Crypto Against Climate Change

Carbon markets and the case for ClimateCoin

By 2023, expect the partial or full integration of at least one crypto-asset into one of the world’s largest emerging commodity markets. There’s good reason why you’ll want this one to work.

1. Kicking the (crypto-kitty) cat

Energy is central to nearly every major challenge and opportunity the world faces today. Access to energy is essential for jobs, security, mitigating climate change, food production, and increasing wealth and income.

Globally, 85.3 per cent of the world’s population had access to electricity in 2014, an increase of just 0.3 per cent since 2012. That means that 1.06 billion people, mainly in rural areas, still live without electricity.

That’s why any conspicuous consumption of energy draws attention.

It’s why Bitcoin has faced some negative attention because of the profile of its use of energy, stemming from work presented by Digiconomist through its Bitcoin Energy Consumption Index.

The criticism is not just understandable; it’s legitimate.

It’s not just about the dubious morality of yet another economic activity consuming energy in spades while hundreds of millions of people go without. The evidence that connects our consumption of energy to the catastrophic loss of biodiversity, and to violent climate disruption, is damning.

Responses from advocates of Bitcoin have varied from glib to evasive, preferring ‘what-about-ism’ and ‘myth-busting’ over addressing the matter head on.

One response went as far as to suggest that “the Bitcoin revolution could drive [an] explosion of innovation in clean efficient energy.”

That’s cute. It also fails the giggle test.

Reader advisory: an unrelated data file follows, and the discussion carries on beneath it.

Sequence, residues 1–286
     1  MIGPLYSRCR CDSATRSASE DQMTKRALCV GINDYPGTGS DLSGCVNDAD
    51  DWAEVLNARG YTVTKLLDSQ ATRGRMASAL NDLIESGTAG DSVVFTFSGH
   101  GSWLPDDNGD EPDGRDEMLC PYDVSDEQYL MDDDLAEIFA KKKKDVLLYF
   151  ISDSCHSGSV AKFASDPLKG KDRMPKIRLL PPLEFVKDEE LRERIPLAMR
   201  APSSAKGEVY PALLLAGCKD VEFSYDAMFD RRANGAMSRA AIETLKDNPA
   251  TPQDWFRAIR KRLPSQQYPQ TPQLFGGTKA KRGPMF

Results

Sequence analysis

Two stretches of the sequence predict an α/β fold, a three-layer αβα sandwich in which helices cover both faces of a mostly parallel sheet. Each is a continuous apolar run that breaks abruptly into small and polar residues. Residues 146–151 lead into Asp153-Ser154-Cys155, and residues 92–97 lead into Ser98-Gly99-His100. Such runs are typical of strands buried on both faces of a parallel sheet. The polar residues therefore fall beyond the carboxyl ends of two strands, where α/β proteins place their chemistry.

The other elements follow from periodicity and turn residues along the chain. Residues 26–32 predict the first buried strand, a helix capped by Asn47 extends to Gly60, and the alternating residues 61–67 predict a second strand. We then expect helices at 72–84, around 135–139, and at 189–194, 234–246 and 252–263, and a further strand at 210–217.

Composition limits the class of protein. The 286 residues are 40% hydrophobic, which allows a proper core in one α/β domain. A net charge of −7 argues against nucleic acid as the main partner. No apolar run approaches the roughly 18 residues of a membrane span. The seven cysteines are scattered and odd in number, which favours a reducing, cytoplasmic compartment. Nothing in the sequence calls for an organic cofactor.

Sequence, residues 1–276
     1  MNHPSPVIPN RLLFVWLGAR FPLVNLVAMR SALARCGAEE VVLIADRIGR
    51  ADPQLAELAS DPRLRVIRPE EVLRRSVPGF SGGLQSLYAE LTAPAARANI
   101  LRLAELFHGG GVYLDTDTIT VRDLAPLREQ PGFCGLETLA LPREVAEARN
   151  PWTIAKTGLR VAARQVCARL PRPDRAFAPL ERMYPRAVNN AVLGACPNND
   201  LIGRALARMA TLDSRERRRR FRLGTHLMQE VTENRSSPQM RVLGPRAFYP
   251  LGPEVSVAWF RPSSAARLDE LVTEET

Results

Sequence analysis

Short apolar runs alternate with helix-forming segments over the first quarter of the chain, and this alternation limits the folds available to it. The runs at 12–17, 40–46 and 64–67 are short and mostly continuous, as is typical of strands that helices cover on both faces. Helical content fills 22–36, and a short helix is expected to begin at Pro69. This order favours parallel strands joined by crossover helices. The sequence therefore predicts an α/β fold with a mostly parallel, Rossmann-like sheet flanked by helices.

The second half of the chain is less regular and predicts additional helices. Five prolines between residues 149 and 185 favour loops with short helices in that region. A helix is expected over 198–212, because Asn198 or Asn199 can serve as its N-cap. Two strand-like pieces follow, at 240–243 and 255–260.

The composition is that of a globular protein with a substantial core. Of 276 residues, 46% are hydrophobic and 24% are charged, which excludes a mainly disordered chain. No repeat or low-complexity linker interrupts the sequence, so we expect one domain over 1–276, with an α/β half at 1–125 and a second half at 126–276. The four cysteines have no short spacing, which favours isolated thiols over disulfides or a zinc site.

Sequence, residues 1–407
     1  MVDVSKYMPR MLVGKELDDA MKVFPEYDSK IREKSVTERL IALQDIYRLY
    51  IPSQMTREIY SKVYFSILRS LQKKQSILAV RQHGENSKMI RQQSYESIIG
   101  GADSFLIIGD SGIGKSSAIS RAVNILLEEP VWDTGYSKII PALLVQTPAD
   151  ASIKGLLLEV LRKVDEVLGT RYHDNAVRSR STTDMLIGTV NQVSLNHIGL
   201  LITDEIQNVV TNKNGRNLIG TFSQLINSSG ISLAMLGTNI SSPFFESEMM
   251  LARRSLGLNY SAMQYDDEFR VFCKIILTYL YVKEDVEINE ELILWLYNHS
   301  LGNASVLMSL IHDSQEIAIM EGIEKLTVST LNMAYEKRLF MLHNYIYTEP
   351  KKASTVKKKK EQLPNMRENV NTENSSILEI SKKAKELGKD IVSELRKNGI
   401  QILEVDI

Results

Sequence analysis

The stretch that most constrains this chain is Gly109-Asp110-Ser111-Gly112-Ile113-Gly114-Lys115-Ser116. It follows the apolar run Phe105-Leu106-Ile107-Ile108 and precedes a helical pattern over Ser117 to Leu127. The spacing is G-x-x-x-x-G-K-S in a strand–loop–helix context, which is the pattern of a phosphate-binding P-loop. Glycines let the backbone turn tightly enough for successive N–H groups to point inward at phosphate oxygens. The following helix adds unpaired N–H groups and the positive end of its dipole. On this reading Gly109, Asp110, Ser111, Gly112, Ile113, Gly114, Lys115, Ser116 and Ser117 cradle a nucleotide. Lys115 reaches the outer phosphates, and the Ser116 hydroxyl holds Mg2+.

I addressed criticism of Bitcoin’s energy use and the responses in “Will Bitcoin Destroy the Paris Agreement, The Planet, And Life As We Know It?” As you might gather from the title, the answer is “Of course it won’t,” but not for the reasons given to date.

Criticisms will continue and, from a policy maker’s perspective, it’s easy to understand why.

Faced with a choice between energy guzzled to verify the transactions of an exotic crypto-asset on its blockchain, and energy consumed for publicly-negotiated outcomes, policy makers will tend to choose the latter.

This already appears to have happened in the Canadian province of Quebec. The same matter is subject of debate elsewhere, including in Iceland.

Source: EcoWatch

2. How climate policy works (or should)

If you’re familiar with crypto and would like a primer on climate policy, this next section’s for you.

The United Nations Framework Convention on Climate Change enjoys recognition by more than 200 Parties and Observer States.

It’s based on decades of observational science and modeling overseen by the Intergovernmental Panel on Climate Change. The predictive capacity of its work continues to improve.

Those predictions tell us that a world with only a 2-degree rise in average temperatures by the year 2100 will become unlivable. Expect hundreds of millions of people on the move.

The Paris Agreement was adopted by representatives of 195 countries in December 2015 to confront this civilizational threat.

It entered into force in November 2016, thirty days after the date on which at least 55 Parties to the Convention accounting in total for at least an estimated 55 per cent of the total global greenhouse gas emissions ratified, accepted or approved the Agreement.

The Agreement set a target of “1.5 to stay alive” (that’s 1.5 degrees above pre-industrial levels.)